HOUSTON (ICIS)–Fitch Ratings warned that Brazilian corporate ratings could slip into speculative or junk status because of falling commodity prices and the country’s economic, fiscal and political problems.

Debora Jalles, Fitch director, said on Monday that cash flow from operations could fall to levels not seen in the past decade.

“Declining demand, increasing unemployment, persistently high inflation and interest rates, depressed commodity prices, foreign exchange volatility and tight credit markets have collided to create a perfect storm, with Brazilian corporates smack in the middle,” Jalles said.

Among the companies in Fitch’s Brazilian portfolio, 53% have a negative outlook, while just 6% have a positive one, the ratings agency said.

Fitch expects downgrades will outpace upgrades by 10-1 this year. That compares with 4.4-to-1 in 2015, 2.8-to-1 in 2014 and 0.5-to-1 in 2004-2013.

In all, only 19% of the companies issuing debt have the strength to withstand this year’s challenges without significant damage to their credit profiles, Fitch said.

The Central Bank of Brazil did not release the results of its weekly survey of economic forecasts on Monday because of the Carnival holidays.

However, the survey from the previous week shows that GDP should contract by 3.01%. Inflation should continue to run above the central bank’s 2.5-6.5 target, reaching an average of 7.26%.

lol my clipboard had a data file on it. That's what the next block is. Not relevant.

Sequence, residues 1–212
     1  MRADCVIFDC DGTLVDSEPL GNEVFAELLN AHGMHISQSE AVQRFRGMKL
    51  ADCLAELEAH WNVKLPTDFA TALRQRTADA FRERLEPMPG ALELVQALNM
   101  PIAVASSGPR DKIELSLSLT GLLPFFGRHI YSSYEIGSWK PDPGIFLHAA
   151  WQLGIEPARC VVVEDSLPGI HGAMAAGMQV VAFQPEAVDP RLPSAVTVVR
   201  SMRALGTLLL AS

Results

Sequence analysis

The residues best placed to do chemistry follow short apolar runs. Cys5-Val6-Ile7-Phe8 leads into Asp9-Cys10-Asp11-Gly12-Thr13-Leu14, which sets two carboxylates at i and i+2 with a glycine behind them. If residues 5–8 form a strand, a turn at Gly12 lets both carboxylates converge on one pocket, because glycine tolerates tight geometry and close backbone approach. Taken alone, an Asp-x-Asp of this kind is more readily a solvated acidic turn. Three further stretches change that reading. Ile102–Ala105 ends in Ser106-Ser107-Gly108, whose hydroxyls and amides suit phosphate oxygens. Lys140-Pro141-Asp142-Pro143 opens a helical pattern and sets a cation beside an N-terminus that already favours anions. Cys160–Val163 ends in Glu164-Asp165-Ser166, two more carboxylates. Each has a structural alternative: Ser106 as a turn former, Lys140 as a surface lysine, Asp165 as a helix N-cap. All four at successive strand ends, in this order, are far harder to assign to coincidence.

The exchange rate should reach an average of reais (R)4.20 to the dollar.

Inflation has remained persistently high despite Brazil’s interest rate of 14.25%. Economists doubt that the central bank will increase rates further.

Fitch has already downgraded its ratings for Brazil’s sovereign debt to its speculative grade of BB+. It left open the possibility of more downgrades because of the country’s numerous challenges.

Fitch expects Brazil’s debt load to continue rising, surpassing 70% of GDP this year and growing further in 2017.

Brazil’s fiscal accounts are under pressure from its deep recession, a growing social-security deficit and demands to dilute austerity measures, Fitch said.

The pending impeachment proceedings against President Dilma Rousseff make it increasingly unlikely that it can push measures through the legislature that could improve the country’s finances, Fitch said.